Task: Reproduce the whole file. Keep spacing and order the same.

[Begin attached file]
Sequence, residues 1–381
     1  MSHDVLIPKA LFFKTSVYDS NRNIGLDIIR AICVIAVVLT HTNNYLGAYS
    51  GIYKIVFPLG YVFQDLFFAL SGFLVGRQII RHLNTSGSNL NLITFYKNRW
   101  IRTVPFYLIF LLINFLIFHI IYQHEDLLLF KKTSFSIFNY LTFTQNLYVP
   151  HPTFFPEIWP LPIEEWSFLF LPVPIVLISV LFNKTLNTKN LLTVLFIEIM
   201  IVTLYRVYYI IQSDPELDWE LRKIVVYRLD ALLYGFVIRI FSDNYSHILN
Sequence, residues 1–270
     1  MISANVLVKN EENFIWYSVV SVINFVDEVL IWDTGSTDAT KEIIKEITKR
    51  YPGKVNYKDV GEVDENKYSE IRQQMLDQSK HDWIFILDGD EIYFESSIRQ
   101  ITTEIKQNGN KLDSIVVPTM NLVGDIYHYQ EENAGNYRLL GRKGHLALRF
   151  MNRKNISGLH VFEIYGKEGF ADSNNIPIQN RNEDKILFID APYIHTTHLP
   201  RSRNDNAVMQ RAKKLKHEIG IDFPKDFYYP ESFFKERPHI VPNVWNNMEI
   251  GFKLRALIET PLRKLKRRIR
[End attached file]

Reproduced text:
Sequence, residues 1–381
     1  MSHDVLIPKA LFFKTSVYDS NRNIGLDIIR AICVIAVVLT HTNNYLGAYS
    51  GIYKIVFPLG YVFQDLFFAL SGFLVGRQII RHLNTSGSNL NLITFYKNRW
   101  IRTVPFYLIF LLINFLIFHI IYQHEDLLLF KKTSFSIFNY LTFTQNLYVP
   151  HPTFFPEIWP LPIEEWSFLF LPVPIVLISV LFNKTLNTKN LLTVLFIEIM
   201  IVTLYRVYYI IQSDPELDWE LRKIVVYRLD ALLYGFVIRI FSDNYSHILN
Sequence, residues 1–270
     1  MISANVLVKN EENFIWYSVV SVINFVDEVL IWDTGSTDAT KEIIKEITKR
    51  YPGKVNYKDV GEVDENKYSE IRQQMLDQSK HDWIFILDGD EIYFESSIRQ
   101  ITTEIKQNGN KLDSIVVPTM NLVGDIYHYQ EENAGNYRLL GRKGHLALRF
   151  MNRKNISGLH VFEIYGKEGF ADSNNIPIQN RNEDKILFID APYIHTTHLP
   201  RSRNDNAVMQ RAKKLKHEIG IDFPKDFYYP ESFFKERPHI VPNVWNNMEI
   251  GFKLRALIET PLRKLKRRIR